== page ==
Honorable Mention
Kahlilah Shahara Lilley
Cliff to Freedom

The advertisement about the runaway slave named Ben (September 4, 1766) was my choice because of the fact that I thought Ben was very intelligent. Before, white Americans portrayed slaves as being ignorant and plain stupid. But that was not the fact. This man had a great plan to fool his owner into thinking that he was going for a swim. But he never returned; which caught my eye because it showed that he was pretty clever. The clever thing that he did was threw away his clothes so that the whites couldn’t identify him if they wanted to, because they didn’t know what he was wearing. This proves here that African Americans weren’t as “unknowledgeable” as some would have made us think.

The biases contained in an ad written by a slave owner affected me greatly in part because I am an African American myself. The ways they describe slaves were that they were like lost dogs, not a humans. They make slaves look very bad, especially if it wasn’t their first time ever running away. The use of terms like “negro” affected me in a way that I never been affected before in my life. It also bothered me that whites would brand slaves by putting engravings on their skin as if they were animals. That is not a way to treat any human being.

The process I used to create my artwork was to think of a way I thought made a person be free. The man Ben stuck out for me because the act of throwing his clothes away was a symbol of freedom, almost like a new start. When you throw away something, that’s like saying “gone with the old, in with the new.” I interpreted this as if Ben were saying he was giving himself a fresh start. My artwork is also near a shore and Ben is standing as if he is about to jump off the cliff into the water because he is on his way to freedom one way or another, no matter what. The sky in my artwork has “freedom” written in it because Ben is looking toward the sky thinking he is finally off to freedom.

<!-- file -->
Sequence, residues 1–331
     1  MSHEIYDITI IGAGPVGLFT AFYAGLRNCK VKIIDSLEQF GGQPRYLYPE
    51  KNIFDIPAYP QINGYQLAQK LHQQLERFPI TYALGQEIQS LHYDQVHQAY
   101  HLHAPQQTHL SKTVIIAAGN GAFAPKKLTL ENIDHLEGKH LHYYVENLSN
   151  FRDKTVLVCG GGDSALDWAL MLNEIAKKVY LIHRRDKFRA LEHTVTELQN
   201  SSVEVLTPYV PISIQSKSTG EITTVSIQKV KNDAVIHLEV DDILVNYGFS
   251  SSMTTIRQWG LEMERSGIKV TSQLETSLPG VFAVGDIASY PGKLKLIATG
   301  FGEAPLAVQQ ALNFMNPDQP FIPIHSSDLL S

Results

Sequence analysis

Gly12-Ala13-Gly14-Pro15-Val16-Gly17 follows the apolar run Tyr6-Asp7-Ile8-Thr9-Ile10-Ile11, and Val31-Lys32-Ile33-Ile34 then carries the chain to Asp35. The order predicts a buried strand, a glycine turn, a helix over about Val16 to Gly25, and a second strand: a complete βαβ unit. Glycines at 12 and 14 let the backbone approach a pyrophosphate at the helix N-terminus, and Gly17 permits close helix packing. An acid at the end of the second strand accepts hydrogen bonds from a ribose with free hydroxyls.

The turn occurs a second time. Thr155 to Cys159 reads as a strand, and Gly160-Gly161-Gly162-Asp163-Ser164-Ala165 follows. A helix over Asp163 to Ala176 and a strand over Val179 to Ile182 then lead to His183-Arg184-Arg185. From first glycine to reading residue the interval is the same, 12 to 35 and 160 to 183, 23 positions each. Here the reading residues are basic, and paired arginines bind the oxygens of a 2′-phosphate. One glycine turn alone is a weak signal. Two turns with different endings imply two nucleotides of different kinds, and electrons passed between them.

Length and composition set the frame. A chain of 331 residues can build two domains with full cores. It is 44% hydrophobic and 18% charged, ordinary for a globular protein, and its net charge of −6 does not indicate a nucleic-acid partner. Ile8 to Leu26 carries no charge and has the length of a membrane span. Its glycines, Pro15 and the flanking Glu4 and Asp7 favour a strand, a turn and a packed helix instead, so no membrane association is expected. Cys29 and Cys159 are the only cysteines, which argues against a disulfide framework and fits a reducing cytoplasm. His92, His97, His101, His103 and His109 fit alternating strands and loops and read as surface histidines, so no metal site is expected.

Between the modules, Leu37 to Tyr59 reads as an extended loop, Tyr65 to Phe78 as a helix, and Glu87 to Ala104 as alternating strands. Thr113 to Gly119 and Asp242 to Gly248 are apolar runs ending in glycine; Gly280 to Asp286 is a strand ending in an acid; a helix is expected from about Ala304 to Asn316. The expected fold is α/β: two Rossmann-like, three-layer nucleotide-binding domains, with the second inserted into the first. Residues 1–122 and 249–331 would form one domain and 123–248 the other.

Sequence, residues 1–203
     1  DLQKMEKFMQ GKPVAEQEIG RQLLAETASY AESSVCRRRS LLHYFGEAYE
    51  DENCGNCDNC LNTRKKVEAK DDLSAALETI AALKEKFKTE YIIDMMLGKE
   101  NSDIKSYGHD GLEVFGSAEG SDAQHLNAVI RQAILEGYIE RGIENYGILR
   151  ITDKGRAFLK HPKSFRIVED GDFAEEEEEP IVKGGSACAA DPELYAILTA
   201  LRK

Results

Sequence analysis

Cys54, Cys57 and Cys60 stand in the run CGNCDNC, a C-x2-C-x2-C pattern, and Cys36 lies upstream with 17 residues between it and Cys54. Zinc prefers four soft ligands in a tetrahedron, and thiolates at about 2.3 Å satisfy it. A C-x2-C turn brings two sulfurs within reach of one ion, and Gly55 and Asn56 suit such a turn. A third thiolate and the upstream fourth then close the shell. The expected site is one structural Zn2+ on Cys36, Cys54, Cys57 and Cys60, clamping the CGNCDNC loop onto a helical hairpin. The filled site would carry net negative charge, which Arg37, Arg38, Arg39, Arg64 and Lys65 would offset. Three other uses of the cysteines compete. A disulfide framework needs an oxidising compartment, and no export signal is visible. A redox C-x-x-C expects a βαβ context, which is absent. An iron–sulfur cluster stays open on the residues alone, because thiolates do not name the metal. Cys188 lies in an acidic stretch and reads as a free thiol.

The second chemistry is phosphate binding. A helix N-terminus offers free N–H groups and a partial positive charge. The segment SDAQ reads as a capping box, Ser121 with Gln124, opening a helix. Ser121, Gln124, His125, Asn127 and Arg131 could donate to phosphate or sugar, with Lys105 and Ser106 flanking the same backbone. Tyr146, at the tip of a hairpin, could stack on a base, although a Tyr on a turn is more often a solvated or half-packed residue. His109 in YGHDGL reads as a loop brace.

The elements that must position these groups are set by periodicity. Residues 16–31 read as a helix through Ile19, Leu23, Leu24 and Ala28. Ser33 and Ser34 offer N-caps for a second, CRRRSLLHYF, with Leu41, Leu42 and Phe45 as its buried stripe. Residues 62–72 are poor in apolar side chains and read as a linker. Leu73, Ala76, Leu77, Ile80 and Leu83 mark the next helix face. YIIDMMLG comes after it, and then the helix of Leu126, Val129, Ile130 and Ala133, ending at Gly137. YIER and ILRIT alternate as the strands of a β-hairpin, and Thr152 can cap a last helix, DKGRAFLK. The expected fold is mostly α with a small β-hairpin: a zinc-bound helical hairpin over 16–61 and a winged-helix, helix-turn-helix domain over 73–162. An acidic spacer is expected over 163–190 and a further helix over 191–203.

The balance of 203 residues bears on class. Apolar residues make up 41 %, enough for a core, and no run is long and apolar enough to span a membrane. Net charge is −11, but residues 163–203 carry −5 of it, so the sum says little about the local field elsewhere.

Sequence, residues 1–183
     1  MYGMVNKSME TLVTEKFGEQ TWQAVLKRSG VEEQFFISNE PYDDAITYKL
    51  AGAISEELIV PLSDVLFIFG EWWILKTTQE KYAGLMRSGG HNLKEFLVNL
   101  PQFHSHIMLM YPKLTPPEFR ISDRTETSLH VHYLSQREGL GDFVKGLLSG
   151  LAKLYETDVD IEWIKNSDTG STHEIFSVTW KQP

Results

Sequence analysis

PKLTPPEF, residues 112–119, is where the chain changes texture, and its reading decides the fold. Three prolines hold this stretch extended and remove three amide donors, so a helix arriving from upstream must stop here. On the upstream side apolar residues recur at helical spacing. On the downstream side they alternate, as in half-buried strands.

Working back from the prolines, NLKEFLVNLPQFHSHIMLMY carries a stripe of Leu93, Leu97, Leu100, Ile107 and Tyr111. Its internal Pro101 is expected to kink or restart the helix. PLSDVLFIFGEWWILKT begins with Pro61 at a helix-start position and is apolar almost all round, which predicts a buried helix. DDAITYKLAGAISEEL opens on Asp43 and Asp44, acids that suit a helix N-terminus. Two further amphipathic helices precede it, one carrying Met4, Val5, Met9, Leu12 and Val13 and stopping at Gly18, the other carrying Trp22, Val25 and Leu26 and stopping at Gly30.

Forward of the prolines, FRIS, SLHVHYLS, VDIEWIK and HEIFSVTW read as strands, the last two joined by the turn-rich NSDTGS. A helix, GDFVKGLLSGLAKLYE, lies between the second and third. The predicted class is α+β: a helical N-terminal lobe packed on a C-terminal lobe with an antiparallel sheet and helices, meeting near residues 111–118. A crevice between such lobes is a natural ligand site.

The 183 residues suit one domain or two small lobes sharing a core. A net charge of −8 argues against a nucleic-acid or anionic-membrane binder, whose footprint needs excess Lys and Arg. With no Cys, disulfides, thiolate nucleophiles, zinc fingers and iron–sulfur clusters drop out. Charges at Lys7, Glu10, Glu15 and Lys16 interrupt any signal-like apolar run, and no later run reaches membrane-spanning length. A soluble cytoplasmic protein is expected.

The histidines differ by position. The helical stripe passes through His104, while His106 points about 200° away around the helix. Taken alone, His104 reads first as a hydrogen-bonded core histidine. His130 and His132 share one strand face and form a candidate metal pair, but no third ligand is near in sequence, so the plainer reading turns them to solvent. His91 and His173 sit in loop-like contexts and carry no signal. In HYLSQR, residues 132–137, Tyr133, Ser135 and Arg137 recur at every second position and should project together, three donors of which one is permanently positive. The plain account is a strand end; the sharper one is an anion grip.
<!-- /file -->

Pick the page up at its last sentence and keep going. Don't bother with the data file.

In my art class we had an assignment to draw a sculpture. While drawing my sculpture it reminded me of the muscular hardworking slaves. The medium I used was Conte crayon and charcoal. The colors blended well which made me like my artwork very much. Living close to the Hudson River made me want to include something in my environment which represents me and where I live. This piece I believe represents me as a person and the ways slaves tried to be free.

2008 Winners

Sisi Li (1)
Lia Rothschild (2)
Gus Boehling (3)
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Dustin Capek (H)
Keith Greenbaum (H)
Kahlilah Shahara Lilley (H)
Micole Woo (H)
Samantha Wilcox (H)
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Dara Illowsky
Yingna Liu
Roman Mendieta
Amanda Murray
Shannon Murray
Ali Simon-Fox
Megan Wachs